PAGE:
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Buddy DeFranco February 17,1923

New Jersey native Buddy DeFranco is widely considered one of the top jazz clarinetists. Paving the way for aspiring clarinetists, DeFranco began playing the clarinet at nine years old, in a time when the popularity of swing music and big bands was fading fast.

At fourteen, Buddy DeFranco managed his first brush with fame. After winning a national swing contest, Buddy appeared with Gene Krupa on Saturday Night Swing Club. His appearance lead to Johnny "Scat" Davis taking an interest in him and his abilities, and the two began a road career together in 1939.

In 1966, DeFranco was appointed the leader of the Glenn Miller Orchestra, a post he would hold until 1974. After leaving his position as the leader of the Glenn Miller Orchestra, Buddy found fulfillment in conducting clinics, as well as concert and festival appearances all over the United States and Europe.

Throughout his illustrious career, DeFranco won twenty Downbeat Magazine Awards, sixteen Playboy All-Stars Awards, and nine Metronome Magazine Awards. Especially notable, DeFranco was awarded the title of "NEA JAZZ MASTER" by the National Endowment for the Arts in 2006, recognizing DeFranco's unique and important contribution to the American Jazz tradition.

 




Tenor saxophonist Sonny Rollins records the title track of his classic album "The Bridge."
February 14, 1962

Theodore "Sonny" Rollins was born in New York on September 7th, 1930. He grew up in Harlem, just around the corner from the Apollo Theatre. Rollins became known for his chops on the tenor saxophone that he began playing at the age of sixteen.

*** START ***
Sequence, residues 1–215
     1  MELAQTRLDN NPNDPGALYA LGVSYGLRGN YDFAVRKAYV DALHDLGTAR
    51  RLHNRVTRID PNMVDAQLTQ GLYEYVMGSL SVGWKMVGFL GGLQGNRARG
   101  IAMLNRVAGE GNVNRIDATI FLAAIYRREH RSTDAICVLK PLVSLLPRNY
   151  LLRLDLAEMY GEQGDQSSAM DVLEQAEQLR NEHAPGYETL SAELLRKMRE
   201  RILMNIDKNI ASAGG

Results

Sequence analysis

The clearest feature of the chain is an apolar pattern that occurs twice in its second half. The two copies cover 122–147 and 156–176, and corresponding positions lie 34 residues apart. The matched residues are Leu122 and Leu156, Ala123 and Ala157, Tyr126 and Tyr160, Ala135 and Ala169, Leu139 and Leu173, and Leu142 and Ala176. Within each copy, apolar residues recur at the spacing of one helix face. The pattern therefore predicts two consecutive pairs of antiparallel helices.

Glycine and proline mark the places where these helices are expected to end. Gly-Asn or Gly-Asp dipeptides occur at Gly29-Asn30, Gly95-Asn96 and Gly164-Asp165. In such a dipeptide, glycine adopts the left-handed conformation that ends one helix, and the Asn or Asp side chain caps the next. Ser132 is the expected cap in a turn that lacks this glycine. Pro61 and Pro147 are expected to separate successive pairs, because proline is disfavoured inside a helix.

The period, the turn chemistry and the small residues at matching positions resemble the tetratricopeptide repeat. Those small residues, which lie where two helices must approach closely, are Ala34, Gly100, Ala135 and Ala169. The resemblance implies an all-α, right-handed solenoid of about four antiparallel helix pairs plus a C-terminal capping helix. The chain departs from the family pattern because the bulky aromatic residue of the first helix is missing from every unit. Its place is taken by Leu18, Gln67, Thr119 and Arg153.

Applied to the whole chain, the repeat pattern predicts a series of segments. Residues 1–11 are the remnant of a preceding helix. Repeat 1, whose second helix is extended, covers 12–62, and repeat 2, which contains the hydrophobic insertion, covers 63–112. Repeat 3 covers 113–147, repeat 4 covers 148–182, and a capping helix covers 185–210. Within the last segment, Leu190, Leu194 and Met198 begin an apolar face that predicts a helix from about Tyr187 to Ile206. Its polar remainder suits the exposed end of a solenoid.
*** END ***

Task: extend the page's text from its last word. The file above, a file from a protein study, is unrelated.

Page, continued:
Sonny developed a reputation among musicians and fans alike as being the most creative young saxophonist on the scene. In 1959, after a rapid rise to fame, Sonny took a three year leave of absence to "perfect his craft". During his time alone, Sonny longed for a great place to practice. He decided a great place to be alone would be on the Williamsburg Bridge. He toted his saxophone onto the bridge and developed the solos that would eventually be recorded under the appropriate title, "The Bridge". In 1962 "The Bridge" the album was released, consisting mostly of material developed on the Williamsburg Bridge. Rollins was joined on his album by Jim Hall on guitar, Ben Riley on drums, and Bob Cranshaw on bass. This famous album has now been re-released in various formats many times. The album received a mixed review from musicians and fans however; InkBlot Magazine published "one of the greatest albums from one of jazz's greatest musicians" in favor of "The Bridge".

 



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